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Posted by: Trevor
January 30, 2012
Now that we've had some really cold weather, it's time to start tapping for sap.
Many people are surprised to discover that Big Leaf Maples (which is what we have here in the lower mainland) can be tapped for sap. Some people think only Ontario and Quebec can do that, since they have Sugar Maples.
It's true that Sugar Maples have a little higher sugar content in their sap than our local Big Leaf Maples. But that's not a problem --- it just means for every gallon of sap we collect there is a little less syrup than what they'd get back east.
But, our tapping season is longer than theirs --- we can tap here most of the winter if we want to.
We have plenty of Big Leaf Maples here on our farm. But we are selective about which ones we tap. We look for larger trees, not small ones. We also look for ones growing on a south-facing slope, so they get the most sun. They'll produce the best.
One of our Big Leaf Maple trees. It's on a south-facing slope, so it should produce well.
Tapping the tree doesn't ruin it --- the tree heals itself after you remove the tap. You can keep tapping the same tree year-after-year, just not in exactly the same spot. The tree heals the tap-hole but there is still a small "scar" where the hole was.
See the small "scar" from where we drilled last year – the holes heal very quickly.
We usually choose a sunny winter day to start our taps --- one where the temperature is cold at night and warmer in the day.
We drill the hole about 1 or 2 feet off the ground, on the south side of the tree, using an auger drill bit (the type of drill bit matters). We use a power drill, but the old-fashioned way would be with a hand drill. Be sure to get all the shavings out of the hole, otherwise they'll plug the tap.
We use a power drill and an auger bit to drill the tap hole.
If the day is warm enough, we can usually see sap starting to flow as soon as we drill. The tap hole itself will probably be productive for a few days, or a few weeks --- it's hard to know why some holes stop producing, they just do.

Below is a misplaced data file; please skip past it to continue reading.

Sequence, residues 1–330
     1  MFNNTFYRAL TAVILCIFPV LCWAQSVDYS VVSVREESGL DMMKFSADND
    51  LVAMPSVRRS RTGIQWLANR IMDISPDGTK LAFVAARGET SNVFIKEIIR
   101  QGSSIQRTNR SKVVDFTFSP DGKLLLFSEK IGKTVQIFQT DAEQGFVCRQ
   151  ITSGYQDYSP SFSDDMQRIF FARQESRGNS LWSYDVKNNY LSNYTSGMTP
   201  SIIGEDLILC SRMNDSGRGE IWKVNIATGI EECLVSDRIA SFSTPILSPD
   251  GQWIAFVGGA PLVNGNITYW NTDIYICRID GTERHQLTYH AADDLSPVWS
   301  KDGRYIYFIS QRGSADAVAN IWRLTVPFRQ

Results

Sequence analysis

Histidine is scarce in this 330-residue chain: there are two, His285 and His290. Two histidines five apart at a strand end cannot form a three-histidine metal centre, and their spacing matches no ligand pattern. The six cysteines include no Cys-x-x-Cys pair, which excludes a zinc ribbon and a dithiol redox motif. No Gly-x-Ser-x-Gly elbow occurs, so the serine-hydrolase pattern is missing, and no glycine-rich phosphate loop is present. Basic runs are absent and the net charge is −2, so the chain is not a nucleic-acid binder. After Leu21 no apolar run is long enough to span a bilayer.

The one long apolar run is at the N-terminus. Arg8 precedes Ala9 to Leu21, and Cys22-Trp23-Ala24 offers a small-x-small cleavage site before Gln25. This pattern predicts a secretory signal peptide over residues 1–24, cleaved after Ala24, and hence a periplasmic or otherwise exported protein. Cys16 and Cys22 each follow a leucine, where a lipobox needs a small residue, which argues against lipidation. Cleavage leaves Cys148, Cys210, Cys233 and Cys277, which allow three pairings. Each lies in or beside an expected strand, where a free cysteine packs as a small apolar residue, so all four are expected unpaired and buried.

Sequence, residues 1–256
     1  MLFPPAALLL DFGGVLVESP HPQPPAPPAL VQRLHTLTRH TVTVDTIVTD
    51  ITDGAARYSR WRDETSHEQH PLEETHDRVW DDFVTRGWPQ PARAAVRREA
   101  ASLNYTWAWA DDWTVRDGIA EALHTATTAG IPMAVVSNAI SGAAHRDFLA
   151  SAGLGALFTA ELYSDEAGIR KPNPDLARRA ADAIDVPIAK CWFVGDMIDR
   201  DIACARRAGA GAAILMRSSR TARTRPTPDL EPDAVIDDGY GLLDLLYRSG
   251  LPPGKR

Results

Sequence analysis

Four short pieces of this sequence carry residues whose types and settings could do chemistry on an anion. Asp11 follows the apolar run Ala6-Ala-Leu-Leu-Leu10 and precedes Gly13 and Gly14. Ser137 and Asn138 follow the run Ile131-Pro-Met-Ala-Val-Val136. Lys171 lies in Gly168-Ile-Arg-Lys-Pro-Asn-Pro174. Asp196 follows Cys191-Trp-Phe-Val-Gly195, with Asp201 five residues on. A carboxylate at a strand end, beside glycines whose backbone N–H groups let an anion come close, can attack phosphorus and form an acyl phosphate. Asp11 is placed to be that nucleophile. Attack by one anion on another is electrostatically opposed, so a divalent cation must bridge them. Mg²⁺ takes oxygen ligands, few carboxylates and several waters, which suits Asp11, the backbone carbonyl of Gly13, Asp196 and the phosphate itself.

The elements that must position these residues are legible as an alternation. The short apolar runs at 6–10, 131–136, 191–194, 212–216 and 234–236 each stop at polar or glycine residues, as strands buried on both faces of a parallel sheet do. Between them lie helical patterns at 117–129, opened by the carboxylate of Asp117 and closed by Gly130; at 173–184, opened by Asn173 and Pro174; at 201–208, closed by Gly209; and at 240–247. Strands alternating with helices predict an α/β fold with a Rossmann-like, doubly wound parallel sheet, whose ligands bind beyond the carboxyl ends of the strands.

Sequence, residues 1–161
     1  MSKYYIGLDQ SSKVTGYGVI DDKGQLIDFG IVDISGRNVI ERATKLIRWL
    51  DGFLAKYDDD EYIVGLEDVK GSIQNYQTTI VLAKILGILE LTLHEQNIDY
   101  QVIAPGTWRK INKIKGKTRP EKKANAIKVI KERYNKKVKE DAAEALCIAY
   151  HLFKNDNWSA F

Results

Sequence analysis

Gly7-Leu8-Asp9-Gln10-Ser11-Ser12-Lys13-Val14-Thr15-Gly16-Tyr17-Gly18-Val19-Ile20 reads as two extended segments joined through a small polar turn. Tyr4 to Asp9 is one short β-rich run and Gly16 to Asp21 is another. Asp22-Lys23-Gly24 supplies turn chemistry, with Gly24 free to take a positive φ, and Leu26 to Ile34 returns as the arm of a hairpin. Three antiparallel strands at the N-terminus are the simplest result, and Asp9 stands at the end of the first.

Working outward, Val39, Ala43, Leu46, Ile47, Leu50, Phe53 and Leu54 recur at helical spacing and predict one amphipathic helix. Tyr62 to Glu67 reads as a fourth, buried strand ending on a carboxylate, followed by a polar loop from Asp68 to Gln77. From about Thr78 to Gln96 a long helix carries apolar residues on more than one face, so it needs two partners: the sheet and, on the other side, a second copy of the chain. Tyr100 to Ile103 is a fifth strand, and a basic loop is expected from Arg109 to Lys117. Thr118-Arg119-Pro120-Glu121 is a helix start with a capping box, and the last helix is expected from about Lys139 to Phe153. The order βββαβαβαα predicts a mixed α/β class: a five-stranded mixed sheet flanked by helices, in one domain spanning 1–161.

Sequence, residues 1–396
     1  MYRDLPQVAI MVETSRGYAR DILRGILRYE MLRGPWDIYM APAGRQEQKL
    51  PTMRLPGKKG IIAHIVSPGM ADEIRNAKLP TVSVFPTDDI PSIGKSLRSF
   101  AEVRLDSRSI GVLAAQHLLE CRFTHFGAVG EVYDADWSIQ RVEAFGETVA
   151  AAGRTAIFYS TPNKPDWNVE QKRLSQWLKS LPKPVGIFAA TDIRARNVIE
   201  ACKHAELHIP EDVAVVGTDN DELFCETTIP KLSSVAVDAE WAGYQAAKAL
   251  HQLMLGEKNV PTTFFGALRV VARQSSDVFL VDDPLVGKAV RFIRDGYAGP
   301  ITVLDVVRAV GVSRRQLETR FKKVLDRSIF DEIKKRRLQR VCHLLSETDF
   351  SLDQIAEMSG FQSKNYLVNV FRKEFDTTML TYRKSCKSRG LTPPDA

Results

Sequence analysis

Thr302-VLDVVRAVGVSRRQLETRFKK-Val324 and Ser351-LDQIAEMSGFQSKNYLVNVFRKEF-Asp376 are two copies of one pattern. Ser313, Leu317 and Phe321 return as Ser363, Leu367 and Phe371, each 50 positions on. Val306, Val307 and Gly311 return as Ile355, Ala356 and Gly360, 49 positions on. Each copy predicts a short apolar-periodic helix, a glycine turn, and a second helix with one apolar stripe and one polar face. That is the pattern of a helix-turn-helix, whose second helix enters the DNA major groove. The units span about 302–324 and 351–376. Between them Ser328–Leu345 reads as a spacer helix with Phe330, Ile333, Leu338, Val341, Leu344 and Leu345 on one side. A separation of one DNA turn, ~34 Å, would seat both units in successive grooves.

These freshly-drilled tap holes are already producing sap --- see the drops coming out.
Once the hole is drilled, it's time to insert the tap (called a spile) --- we use plastic spiles (we tried the old-fashioned metal spiles but they don't work well if you want a totally enclosed system --- and here on the "Wet" coast an enclosed system is the only way to keep rain out). Just a light tap with the hammer will keep the spile in place --- you can tell by the sound of the hammer when the spile is in far enough.
Tapping in the spile with a hammer.
We connect tubing directly into the spile (the old-fashioned method of an open metal spile drip-drip-dripping into an open bucket looks quaint but it doesn't work here in the lower mainland where we get wind and rain --- that's why an enclosed system is the only way to go). This way, we won't lose a drop --- plus, the rain can't get in.
The tubing connects directly into the spile --- an enclosed system.
Next, we run the tubing into a wine bag (purchased from the local home-brew store) where we've drilled a hole in the lid for the tubing to precisely fit through. The bag sits securely in a milk-crate (so the bag won't roll down the hill as sap pours into it).
The sap is already beginning to flow. Now to connect the tube to a sealed wine-bag.
This maple tree is now tapped and ready to produce.
That's all there is to it. As the bag fills up, we collect the sap and run it through a filter, into a jug or container and freeze it. It is 100% fresh-frozen maple sap, and it tastes wonderful --- it's really a much more satisfying drink than bottled water --- and healthier too (at least we think so). It has a very slight sweetness and is loaded with vitamins and minerals. In Korea (and elsewhere in Asia) it is consumed in massive quantities and known as "gorosoe" --- they believe there are health benefits to it. We think so too, but it's also a very pleasant drink.
At the end of the season, we take some of the frozen sap and boil it in large steel pots. As it boils away the steam, it leaves behind thick maple syrup --- it takes about 60 gallons of sap to make 1 gallon of syrup. We take it off the heat once it gets to about 67% sugar content, filter it again, pour it into bottles and that's it. It tastes delicious. It is darker than the eastern "Light" maple syrup --- and the taste is slightly stronger --- we much prefer it. We pour it over pancakes of course, although we don't eat pancakes that often --- instead we usually pour it on yogurt, oatmeal, or thick slices of bread that have been pan-fried in organic lard (this is a treat).
Each maple tree can produce many gallons of sap in a winter, and we can usually keep the taps running into March. It's one of the many joys of winter.
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